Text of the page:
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The World Twenty20 is showing us how exciting modern cricket can be, but sometimes it's easy to get drawn in and forget the basics.

That's why this week we look at how a great fast bowler got wickets by keeping it simple, test your training knowledge with another quiz and look at another way bowler's can exploit batting weaknesses.

Sometimes tradition is tradition because it works!

Have a great weekend

David Hinchliffe

The Brian Statham guide to keeping bowling simple

Modern cricket is a game swamped with fashions and coaching theories. It can get confusing for young bowlers who just want to take a few more wickets.

So it's very tempting to go back to English fast bowler Brian Statham for a much more simple answer.

Statham took 252 Test wickets at twenty fours during a time when conditions did not always suit fast-medium bowling. He always seemed to be second fiddle to someone, Tyson or Trueman, because of his quiet understated ability to get on with bowling non-stop come rain or shine.

In first class cricket his average of 16.37 is lower than any other bowler of note in the 20th century. Not bad when you consider he took well over 2000 wickets.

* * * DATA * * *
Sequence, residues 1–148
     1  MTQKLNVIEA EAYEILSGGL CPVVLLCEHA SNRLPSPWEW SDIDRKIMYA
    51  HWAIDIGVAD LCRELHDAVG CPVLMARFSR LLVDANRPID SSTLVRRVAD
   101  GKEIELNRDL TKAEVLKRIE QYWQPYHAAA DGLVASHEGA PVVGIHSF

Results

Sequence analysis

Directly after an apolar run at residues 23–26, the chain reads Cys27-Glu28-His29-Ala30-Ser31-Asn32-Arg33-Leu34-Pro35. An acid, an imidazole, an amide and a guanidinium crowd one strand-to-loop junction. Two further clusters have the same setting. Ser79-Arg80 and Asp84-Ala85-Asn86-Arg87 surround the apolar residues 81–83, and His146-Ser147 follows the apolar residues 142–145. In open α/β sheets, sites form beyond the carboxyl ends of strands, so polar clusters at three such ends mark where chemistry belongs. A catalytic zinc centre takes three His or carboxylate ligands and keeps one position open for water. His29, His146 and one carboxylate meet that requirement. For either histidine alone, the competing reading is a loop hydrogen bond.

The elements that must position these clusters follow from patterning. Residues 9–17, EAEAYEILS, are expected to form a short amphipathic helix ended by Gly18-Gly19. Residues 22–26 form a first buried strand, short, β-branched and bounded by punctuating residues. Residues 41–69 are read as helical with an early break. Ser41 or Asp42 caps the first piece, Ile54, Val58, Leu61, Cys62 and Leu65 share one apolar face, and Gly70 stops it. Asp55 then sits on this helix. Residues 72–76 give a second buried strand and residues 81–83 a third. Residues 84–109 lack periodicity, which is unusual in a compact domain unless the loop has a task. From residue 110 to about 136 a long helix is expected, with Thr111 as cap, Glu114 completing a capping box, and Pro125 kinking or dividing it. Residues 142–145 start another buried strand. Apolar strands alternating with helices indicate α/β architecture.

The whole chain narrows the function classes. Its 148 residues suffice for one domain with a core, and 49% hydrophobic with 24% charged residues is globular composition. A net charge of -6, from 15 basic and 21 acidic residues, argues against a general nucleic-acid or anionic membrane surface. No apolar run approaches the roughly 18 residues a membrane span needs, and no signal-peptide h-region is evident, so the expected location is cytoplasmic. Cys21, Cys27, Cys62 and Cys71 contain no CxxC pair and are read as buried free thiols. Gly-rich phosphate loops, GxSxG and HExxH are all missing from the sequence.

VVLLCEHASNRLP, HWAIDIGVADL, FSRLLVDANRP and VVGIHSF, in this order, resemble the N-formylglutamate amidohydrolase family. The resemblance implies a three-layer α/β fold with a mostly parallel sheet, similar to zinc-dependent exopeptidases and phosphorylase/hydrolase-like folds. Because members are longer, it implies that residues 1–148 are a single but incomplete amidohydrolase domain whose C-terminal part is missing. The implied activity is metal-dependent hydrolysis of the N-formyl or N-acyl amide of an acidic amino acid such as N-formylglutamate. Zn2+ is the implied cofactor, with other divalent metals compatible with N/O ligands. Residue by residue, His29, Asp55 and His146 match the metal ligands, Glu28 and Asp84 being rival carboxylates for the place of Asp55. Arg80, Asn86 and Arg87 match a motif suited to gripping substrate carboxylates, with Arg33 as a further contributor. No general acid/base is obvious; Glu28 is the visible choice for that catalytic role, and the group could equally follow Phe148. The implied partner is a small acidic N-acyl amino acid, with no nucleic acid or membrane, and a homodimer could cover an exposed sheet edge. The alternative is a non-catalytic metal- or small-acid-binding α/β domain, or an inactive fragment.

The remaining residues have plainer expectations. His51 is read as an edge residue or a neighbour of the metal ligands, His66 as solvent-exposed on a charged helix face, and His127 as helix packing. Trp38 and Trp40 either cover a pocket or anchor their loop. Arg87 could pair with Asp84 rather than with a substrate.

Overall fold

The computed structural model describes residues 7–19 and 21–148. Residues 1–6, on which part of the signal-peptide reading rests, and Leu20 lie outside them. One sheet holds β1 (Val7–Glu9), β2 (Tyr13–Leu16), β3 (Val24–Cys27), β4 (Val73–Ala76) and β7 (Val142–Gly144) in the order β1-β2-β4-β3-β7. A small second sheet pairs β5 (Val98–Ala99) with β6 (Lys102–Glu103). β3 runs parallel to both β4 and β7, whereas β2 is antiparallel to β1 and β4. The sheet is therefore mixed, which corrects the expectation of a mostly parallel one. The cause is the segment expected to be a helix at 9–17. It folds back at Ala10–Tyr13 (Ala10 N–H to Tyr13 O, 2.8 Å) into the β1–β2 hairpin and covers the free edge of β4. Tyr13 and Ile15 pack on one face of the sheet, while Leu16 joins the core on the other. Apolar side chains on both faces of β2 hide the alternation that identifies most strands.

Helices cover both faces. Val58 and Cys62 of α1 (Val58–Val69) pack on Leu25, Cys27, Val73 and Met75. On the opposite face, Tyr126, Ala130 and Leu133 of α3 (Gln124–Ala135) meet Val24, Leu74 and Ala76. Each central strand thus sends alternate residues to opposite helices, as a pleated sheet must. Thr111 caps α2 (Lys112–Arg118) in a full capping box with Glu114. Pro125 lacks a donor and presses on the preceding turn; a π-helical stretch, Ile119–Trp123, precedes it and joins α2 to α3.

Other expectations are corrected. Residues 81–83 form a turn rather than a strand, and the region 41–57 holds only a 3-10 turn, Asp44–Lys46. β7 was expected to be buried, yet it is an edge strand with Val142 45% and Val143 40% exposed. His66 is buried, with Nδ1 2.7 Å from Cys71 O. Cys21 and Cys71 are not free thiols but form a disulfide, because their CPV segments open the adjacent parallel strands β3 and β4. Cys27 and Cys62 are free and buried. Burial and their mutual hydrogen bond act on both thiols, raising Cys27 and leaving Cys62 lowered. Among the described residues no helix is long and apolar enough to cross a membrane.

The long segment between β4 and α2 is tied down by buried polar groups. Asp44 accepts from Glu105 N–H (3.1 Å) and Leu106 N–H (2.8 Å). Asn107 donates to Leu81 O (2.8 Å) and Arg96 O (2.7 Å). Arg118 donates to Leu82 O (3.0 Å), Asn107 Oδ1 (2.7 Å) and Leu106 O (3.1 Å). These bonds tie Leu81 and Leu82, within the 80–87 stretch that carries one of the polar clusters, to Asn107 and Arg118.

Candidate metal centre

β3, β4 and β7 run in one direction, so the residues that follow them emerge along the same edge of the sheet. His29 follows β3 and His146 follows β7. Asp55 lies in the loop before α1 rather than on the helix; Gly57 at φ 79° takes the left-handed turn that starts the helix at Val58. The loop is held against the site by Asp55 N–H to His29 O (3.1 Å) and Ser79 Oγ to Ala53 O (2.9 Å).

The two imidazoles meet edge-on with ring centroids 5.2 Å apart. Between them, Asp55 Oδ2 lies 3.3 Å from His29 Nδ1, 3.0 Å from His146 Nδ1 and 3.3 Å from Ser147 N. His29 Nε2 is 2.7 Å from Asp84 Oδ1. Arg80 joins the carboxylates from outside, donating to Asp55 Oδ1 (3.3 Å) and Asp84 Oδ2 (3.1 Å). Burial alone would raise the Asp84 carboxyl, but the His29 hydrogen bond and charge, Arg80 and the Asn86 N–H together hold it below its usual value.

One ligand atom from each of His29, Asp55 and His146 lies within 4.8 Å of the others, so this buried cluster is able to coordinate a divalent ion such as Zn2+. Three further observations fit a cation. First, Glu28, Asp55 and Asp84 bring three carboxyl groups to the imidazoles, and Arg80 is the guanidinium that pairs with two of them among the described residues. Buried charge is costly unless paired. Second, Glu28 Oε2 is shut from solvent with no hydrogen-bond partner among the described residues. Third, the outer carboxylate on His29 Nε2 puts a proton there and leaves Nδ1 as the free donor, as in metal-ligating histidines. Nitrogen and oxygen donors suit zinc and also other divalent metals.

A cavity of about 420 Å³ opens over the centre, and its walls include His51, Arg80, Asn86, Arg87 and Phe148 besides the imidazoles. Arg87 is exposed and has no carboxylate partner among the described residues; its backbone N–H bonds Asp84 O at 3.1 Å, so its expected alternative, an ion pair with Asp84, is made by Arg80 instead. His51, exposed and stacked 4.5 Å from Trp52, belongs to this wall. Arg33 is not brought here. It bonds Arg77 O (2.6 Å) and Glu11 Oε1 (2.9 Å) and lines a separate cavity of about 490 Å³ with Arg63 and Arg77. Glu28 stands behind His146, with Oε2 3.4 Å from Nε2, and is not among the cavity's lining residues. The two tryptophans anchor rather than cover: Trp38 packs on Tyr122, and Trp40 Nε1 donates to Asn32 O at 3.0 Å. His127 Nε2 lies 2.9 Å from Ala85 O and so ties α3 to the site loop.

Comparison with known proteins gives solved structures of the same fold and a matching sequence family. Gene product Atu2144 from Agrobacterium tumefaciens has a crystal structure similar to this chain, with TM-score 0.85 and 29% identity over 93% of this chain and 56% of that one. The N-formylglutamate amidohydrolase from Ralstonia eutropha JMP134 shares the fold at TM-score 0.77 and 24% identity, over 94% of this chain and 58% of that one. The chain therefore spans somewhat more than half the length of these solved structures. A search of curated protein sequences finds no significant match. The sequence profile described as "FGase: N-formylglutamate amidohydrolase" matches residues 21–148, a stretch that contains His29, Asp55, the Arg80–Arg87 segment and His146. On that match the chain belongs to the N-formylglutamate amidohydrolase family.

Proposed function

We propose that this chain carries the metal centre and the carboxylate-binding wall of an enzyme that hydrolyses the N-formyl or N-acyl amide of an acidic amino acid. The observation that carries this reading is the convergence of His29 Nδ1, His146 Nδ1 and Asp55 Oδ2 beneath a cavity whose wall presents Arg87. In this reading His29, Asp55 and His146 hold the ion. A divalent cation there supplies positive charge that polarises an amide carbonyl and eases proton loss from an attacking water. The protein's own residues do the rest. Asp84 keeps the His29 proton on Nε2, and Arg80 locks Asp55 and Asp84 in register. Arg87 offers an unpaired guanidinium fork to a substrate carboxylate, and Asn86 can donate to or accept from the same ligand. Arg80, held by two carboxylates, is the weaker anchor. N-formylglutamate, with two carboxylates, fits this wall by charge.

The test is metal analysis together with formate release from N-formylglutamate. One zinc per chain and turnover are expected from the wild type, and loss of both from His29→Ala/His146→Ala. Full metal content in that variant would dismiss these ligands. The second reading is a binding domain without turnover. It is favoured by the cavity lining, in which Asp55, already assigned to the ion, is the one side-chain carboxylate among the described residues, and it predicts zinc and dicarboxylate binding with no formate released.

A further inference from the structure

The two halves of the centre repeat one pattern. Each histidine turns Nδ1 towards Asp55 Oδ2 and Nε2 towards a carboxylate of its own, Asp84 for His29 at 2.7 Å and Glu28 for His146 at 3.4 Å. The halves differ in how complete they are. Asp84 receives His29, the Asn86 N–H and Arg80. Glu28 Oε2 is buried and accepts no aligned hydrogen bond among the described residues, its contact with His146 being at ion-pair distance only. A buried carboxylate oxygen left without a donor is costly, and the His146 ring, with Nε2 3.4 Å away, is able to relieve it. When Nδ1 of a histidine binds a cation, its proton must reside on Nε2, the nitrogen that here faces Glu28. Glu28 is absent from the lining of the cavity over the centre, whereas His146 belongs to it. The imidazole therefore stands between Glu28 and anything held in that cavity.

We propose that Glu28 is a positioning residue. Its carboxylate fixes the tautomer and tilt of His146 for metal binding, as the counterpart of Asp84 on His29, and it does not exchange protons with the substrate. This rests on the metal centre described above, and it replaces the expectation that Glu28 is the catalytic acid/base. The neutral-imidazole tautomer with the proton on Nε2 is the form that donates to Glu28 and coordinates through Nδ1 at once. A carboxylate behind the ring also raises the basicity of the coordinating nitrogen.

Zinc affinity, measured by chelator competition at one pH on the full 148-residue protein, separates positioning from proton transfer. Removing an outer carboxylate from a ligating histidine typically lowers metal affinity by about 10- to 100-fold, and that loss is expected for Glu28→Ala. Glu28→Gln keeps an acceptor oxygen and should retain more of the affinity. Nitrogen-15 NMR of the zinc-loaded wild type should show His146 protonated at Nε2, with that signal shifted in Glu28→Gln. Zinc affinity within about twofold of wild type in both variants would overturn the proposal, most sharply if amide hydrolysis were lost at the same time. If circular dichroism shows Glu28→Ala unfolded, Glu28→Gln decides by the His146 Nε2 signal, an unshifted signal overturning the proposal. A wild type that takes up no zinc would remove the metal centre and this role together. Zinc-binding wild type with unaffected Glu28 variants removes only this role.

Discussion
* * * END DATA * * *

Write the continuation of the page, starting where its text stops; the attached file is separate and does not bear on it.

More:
And he achieved it all by keeping it as simple as possible.

Bowl 5 good balls

Statham worked on the theory that if he bowled 5 balls an over that the batsman had to play, wickets would always come. Bowling as a percentage game.

He would consider it a waste of energy to run in and watch the batsman leave it so he developed an unnerving accuracy, rarely deviating from a good line and length except to bowl yorkers.

He did this by bowling and bowling, as all good pacemen should do. If you want success there is no substitute for practicing your accuracy. And the good news is you can do it on your own in the nets. Either with a low tech solution (a blanket to mark a good length) or something to record and track your results via Bluetooth to your mobile phone.

If you played darts you wouldn't enter a competition without throwing a few arrows at a dartboard first would you?

Be as fast as you can be

But Statham wasn't just about accuracy. He also had serious pace. He wasn't up there with the fastest of his time, but he made the most of the speed he had, especially after remodelling his action.

And that's important. If you want to trouble batsman, making them feel rushed is part of the job. If they are worried when the inswinging toe-crusher is coming they are not as certain against you.

Even if you bowl slow medium pace, you should be looking to move up speed because the quicker you are the harder it is for the batsman. You might never be the fastest in the team, but that's OK as long as you are as fast as you can be.

Like Statham, you can remodel your action for speed and accuracy. The good news is you can do it with the help of Andy Caddick, another fine pace bowler.

When you keep things simple you avoid getting a cluttered mind and you can get on with the business of bowling; which is simply waiting to pounce when the batsman makes a mistake. Or in other words: You miss, I hit.